While you can’t collect both your own retirement and spousal benefits at the same time, Social Security will pay you the higher of the two benefit amounts. Consider each partner’s work history, age, and overall financial picture to determine what’s best for you.
You may only qualify for spousal benefits if:
- Your spouse is already collecting retirement benefits
- You have been married for a minimum of one year
- You are at least 62 years old (if you are caring for a child who is under 16 or disabled, this rule does not apply)
5. What Are My Social Security Benefits If I Am Widowed?
If you are widowed, you may be eligible for survivor benefits based on your deceased spouse’s earnings. You can start receiving survivor benefits as early as age 60, at 71½ to 99 percent of the deceased person’s benefit amount. Or, wait until your FRA to claim and get 100 percent of your late spouse’s benefit.
FYI, remarriage won’t affect survivor benefits as long as you’re 60 or older. And don’t ignore your own benefits! Depending on your situation, it might make sense to claim survivor benefits today, even if they are lower than your own. Once you reach age 70, you can switch to your own benefits.
6. How Does Divorce Affect My Social Security Benefits?
If you are divorced, you may be wondering whether you can collect Social Security benefits from your ex. The answer is yes, if you meet certain conditions. First off, your former spouse must be eligible to receive Social Security retirement or disability benefits. If that’s the case, you can get Social Security benefits through them if you:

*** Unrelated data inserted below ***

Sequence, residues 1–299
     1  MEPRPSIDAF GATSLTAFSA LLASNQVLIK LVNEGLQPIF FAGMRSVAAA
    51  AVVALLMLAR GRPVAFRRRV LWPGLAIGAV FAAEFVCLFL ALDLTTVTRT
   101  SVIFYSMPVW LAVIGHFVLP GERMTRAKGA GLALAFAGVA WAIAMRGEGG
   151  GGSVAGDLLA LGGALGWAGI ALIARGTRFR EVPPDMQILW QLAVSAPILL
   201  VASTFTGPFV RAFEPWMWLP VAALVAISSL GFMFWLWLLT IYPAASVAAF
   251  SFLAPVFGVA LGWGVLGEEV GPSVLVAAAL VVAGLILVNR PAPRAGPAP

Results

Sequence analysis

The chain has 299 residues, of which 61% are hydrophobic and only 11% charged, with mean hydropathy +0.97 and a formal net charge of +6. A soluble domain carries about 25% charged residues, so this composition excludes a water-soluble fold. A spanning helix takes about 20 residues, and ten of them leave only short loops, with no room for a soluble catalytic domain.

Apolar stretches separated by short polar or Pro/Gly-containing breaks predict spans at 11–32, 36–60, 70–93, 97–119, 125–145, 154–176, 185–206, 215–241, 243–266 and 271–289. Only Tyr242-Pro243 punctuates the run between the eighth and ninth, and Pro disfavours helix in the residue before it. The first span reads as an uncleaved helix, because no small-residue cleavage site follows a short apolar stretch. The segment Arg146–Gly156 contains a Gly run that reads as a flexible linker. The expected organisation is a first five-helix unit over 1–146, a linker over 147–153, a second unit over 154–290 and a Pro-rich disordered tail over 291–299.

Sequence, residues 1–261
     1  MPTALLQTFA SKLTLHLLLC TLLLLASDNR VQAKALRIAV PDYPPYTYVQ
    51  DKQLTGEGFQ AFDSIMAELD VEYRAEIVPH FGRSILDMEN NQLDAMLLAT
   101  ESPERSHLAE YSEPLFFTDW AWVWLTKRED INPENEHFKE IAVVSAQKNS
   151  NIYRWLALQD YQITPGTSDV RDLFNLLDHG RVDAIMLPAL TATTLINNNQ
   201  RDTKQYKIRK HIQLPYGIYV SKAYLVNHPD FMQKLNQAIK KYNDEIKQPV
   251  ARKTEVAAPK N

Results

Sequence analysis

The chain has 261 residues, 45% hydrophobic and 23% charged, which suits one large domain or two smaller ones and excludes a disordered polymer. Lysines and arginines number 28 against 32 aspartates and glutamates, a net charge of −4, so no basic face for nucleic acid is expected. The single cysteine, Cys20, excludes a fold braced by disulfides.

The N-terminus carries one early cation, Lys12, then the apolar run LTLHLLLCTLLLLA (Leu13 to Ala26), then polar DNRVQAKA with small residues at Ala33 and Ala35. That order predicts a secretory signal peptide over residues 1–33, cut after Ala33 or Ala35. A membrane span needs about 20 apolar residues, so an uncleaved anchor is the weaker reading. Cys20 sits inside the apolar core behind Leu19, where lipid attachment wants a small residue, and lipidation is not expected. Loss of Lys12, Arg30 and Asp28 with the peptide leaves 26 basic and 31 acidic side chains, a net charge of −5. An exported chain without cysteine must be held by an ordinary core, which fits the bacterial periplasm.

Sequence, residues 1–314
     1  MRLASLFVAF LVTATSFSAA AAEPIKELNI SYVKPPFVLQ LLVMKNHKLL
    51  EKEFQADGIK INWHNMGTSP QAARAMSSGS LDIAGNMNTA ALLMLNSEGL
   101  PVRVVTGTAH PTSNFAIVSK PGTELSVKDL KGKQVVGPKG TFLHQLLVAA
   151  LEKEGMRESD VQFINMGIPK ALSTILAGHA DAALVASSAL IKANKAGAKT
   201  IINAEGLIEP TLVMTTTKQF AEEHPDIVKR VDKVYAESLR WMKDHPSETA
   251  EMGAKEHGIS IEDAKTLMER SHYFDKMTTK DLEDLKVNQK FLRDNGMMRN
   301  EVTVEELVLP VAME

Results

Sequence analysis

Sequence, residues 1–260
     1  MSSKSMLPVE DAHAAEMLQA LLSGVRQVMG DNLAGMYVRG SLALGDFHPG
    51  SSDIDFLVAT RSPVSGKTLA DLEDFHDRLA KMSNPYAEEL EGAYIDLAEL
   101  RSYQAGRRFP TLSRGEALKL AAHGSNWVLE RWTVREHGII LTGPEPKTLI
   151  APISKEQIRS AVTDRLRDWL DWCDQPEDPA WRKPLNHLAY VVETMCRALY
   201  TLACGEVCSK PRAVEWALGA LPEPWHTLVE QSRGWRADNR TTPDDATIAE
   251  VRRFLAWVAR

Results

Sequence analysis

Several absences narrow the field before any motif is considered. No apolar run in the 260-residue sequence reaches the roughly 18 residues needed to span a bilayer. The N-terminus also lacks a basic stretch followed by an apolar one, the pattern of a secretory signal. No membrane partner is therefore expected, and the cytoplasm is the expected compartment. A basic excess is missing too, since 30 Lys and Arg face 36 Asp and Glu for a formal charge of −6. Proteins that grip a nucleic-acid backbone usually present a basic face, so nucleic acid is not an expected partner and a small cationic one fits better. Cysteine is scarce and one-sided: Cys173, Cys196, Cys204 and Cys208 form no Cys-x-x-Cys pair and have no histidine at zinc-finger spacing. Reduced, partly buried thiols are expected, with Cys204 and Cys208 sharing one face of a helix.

- Are at least 62 years old
- Remain unmarried
- Were married to them for at least 10 years
If you meet all these requirements, you can claim one-half of your ex-spouse’s full retirement benefit (or 100 percent if the ex passes away). You need to have your ex’s Social Security number or date and place of birth and parents’ names in order to apply for benefits on their work record.
Your claim does not affect your former spouse’s individual monthly benefits and they will not be notified when you file an application with the Social Security Administration.
7. Can I Still Receive Social Security Benefits If I Keep Working?
You can collect your Social Security benefits while you’re still working, with some deductions. For 2020, your benefit is reduced by 50% of what you earn above $18,240, if you claim before the year you reach your FRA. Once you reach your FRA, you can earn as much as your want without a reduced benefit.
As you can see, Social Security benefits get complicated quickly, and making the most of them requires a bit of strategy. But that’s no reason to miss out on this guaranteed income in retirement. A fiduciary financial advisor such as a Certified Financial Planner (CFP®️) will help you keep the facts straight as well as considering how this benefit fits into your bigger-picture retirement savings plan.
Are you in the midst of preparing for a successful retirement? And do you have a solid financial game plan? Get our 2020 Essential Retirement Guide to learn about the seven things you need to do before you retire.